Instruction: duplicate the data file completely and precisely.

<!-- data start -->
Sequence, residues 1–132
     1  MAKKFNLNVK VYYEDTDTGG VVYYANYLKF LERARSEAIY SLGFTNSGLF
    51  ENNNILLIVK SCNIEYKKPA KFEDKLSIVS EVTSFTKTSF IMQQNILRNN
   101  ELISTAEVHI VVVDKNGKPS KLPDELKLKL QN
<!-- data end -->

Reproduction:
Sequence, residues 1–132
     1  MAKKFNLNVK VYYEDTDTGG VVYYANYLKF LERARSEAIY SLGFTNSGLF
    51  ENNNILLIVK SCNIEYKKPA KFEDKLSIVS EVTSFTKTSF IMQQNILRNN
   101  ELISTAEVHI VVVDKNGKPS KLPDELKLKL QN